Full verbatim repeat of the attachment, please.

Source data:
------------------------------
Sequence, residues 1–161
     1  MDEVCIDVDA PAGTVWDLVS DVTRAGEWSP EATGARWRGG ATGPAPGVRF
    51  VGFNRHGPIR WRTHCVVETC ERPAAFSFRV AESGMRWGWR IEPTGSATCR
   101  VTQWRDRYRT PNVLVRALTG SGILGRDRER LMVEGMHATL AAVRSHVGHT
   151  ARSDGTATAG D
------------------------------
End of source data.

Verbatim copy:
Sequence, residues 1–161
     1  MDEVCIDVDA PAGTVWDLVS DVTRAGEWSP EATGARWRGG ATGPAPGVRF
    51  VGFNRHGPIR WRTHCVVETC ERPAAFSFRV AESGMRWGWR IEPTGSATCR
   101  VTQWRDRYRT PNVLVRALTG SGILGRDRER LMVEGMHATL AAVRSHVGHT
   151  ARSDGTATAG D